Traditionally defined as middle adults who are responsible for raising kids of their own, maintaining their life and working, and also caring for their parents, the “sandwich generation” now cuts across multiple generations. Twelve percent of parents are part of this population and a growing number are under the age of 30. The coronavirus pandemic has contributed to demographic shifts and, thus, altered the stressors and needs of this special group of caregivers. The experiences of the sandwich generation are now analyzed by age group -- 18-44 versus over-45. While the caregiving stressors on marriages, finances, and careers are present in both groups the practical and emotional responses, as well as the resources available to address those stressors, differ by group. The content of this session will include: 1) a brief presentation describing the demographics, needs, experiences, and health outcomes of those in the sandwich generations; followed by 2) a live, structured, and interactive discussion on: a) exploring protective factors in multigenerational caregiving; b) the role of meaning-making in these families; and c) how family life cycle and sociocultural factors shape the lived experiences for these caregivers.

1:30p.m. - 2:30p.m.

THE THEORY CUBE: Toward a Theory of Theory Selection (Matching 9 Systemic Theories for Best Clinical Fit)

Andrew Mercurio, DMin

This presentation helps MFT students and seasoned therapists form a metatheory for theory selection that helps formulate a "best fit" approach for clinical efficacy. The model of the "Theory Cube" will be offered that organizes nine systemic MFT theories for more proficient utilization. Ten clues, that influence theory selection, will be offered to assist therapists to provide effective conceptualization and treatment practices. Strategic; CBT; Solution-Focused; Structural; EFT; Narrative; Bowenian; Contextual; Object Relations

Shining a Light on Student Loan Forgiveness

Keiko Berkon
Neal Sombke
Roger Smith
Nick Zuleta

Learn all about state and federal loan forgiveness and repayment programs in this session! Which programs can you apply to? What are the eligibility requirements? What if I don’t have a student loan forgiveness program in my state? All your questions will be answered in this important deep dive on student loan forgiveness programs.

Supporting Military Families Impacted By Divorce, Never-Married and Step Family Dynamics

Jay S. Daughtry, MMFT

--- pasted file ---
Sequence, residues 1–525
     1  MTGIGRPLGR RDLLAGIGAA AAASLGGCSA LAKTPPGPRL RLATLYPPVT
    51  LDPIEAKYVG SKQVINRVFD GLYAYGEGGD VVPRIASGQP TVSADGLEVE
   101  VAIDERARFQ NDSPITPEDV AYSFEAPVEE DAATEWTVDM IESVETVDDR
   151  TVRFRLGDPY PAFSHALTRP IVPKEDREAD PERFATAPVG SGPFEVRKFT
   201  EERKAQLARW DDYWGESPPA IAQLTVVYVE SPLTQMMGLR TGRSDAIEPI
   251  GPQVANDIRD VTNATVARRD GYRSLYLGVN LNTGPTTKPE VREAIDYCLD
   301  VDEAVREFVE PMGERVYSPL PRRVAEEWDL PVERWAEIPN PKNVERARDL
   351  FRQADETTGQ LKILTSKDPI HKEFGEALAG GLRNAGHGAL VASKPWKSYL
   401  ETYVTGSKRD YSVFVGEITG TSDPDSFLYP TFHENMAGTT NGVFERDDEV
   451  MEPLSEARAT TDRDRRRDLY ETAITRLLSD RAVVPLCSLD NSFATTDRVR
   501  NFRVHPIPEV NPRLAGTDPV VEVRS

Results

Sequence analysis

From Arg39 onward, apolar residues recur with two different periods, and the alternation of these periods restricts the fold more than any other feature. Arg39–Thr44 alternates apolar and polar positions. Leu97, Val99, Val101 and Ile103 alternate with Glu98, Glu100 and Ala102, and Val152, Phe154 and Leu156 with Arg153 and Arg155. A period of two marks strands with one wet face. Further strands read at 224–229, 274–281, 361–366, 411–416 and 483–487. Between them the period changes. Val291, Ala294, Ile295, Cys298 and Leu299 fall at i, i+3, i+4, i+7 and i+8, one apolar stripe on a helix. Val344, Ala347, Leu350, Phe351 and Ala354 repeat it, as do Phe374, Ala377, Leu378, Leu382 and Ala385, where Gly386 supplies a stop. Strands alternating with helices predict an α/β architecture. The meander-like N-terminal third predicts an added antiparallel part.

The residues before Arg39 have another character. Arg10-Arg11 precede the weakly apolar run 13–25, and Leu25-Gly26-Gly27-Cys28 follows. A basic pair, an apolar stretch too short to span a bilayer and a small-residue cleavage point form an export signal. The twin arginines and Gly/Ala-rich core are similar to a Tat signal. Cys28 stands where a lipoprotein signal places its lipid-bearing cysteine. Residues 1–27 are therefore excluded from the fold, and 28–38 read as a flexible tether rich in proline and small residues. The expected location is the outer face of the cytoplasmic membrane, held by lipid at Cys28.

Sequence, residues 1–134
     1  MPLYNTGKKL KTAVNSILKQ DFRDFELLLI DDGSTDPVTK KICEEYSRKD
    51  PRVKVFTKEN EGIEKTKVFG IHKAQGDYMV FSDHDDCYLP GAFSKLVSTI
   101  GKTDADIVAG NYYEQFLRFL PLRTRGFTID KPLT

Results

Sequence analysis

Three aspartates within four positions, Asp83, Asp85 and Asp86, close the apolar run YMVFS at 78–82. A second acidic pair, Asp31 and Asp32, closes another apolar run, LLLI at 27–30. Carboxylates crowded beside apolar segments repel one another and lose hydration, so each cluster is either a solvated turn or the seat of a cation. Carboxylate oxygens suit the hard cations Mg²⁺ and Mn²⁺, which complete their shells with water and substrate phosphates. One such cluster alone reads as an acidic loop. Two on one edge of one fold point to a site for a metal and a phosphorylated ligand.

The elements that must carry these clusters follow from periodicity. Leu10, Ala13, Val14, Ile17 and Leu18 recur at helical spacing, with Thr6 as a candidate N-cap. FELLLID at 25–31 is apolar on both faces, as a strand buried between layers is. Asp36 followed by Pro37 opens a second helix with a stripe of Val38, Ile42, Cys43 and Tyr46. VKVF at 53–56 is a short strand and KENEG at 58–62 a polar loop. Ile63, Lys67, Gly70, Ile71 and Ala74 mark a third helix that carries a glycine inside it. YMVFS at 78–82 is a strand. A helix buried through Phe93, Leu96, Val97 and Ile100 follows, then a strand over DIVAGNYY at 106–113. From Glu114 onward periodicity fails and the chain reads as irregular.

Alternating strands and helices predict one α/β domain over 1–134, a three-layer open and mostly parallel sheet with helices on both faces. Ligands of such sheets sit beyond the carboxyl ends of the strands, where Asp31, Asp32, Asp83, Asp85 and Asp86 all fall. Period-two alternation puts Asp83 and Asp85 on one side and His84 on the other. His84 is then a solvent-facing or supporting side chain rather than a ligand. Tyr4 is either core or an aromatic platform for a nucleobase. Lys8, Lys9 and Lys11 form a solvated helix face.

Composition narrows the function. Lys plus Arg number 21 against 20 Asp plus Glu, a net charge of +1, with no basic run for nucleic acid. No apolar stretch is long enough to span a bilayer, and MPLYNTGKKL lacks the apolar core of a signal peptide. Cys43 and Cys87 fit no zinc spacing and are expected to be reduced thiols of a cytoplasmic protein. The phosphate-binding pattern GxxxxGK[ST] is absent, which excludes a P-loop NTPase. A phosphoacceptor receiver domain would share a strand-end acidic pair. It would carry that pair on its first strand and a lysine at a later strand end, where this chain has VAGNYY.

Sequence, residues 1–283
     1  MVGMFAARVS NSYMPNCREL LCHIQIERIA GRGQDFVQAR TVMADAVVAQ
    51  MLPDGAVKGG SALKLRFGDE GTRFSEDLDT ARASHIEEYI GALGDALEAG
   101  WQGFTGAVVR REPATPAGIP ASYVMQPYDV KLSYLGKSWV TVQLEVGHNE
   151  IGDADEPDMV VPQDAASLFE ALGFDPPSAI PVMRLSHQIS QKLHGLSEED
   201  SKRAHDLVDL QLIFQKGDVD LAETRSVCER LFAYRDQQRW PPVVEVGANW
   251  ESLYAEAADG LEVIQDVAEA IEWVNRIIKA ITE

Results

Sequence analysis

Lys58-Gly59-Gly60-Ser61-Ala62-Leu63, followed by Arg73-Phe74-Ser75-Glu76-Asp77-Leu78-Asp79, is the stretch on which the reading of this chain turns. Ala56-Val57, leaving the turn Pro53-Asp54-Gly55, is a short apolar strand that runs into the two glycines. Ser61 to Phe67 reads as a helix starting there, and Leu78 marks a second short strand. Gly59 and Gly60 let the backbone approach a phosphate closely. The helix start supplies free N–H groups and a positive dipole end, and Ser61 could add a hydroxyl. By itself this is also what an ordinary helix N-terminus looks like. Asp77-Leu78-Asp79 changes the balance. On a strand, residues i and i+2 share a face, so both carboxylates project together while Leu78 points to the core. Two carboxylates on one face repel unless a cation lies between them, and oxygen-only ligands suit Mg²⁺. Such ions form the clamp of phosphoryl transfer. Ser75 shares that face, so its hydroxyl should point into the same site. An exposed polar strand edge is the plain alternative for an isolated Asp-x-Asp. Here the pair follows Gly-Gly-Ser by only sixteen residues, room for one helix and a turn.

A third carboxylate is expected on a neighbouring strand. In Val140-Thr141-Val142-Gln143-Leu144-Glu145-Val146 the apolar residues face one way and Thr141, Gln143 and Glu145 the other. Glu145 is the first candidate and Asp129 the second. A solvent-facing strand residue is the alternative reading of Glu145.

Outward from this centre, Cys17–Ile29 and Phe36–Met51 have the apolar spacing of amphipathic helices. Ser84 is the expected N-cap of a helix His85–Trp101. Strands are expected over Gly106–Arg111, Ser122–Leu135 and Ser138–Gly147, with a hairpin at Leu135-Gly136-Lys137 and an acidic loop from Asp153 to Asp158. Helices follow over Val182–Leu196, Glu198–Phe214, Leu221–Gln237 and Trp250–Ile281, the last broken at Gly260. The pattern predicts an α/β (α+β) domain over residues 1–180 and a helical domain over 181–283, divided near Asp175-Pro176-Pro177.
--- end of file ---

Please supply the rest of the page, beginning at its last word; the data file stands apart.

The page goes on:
Tammy Daughtry, MMFT

This workshop will cover the following topics as well as include a short segment from current military leaders who use One Heart, Two Homes to help support military families in a variety of applications across the country:


  1. Co-Parenting: communication, sharing time and making decisions between divided parents
  2. Competing Attachments: when love and support of someone challenges our loyalty to another person that we love and support as well (children & adults experience this)
  3. Hand-Offs: a child's physical and emotional experience when transitioning between homes and often between states or countries while parent(s) are deployed
  4. Co-Parent Meetings: compartmentalized communication, pre-planned meetings, utilizing co-parent apps to increase effective communication and reduce conflict and confusion
  5. Five Categories of Co-parenting: looking at the research and how the five categories impact children raised in divided families
  6. Six Risks for Kids of Divorce: explore the specific risks, how to counteract those risks and what are the therapeutic tasks associated with each of the six risks
  7. Individual sessions, groups and seminars: examples of practical implementation will be shared with the attendees as well as how to implement resources while working with military families
  8. A 3 minute video will be shared: “Ten Things Kids of Divorce Wish They Could Tell Their Parents” along with the printed handout that can be used with clients and families.

Bringing the Common Factors to Life: Instilling Hope in Systemic Therapy

Eli A. Karam, PhD

Adrian Blow, PhD

Systemic therapy works predominantly not because of the unique contributions of any particular model of therapy or unique set of interventions but rather because of a set of common factors or mechanisms of change that cuts across all effective therapies. When speaking broadly, we refer to the following five categories of common factors: 1) client; 2) therapist; 3) therapeutic relationship/alliance; 4) hope/expectancy; and 5) feedback. This presentation builds on this emerging paradigm of why therapy works, with a special emphasis on how common factors may be utilized to increase hope in couple and family therapy. We present practical strategies and exercises to build on your previously existing therapeutic skill set, stoke curiosity for the work, and counter against burnout and frustration. Regardless of your level of experience or preferred theory, this presentation is intended to help you:

  • Apply examples and explore how to integrate a common factors perspective around hope into your current theoretical orientation.
  • Monitor and get feedback on hope by using both practical techniques and user-friendly resources.
  • Renew your motivation, energy, and creativity in your clinical work.
  • Improve your existing clinical skills and personal effectiveness as a couple and family therapist.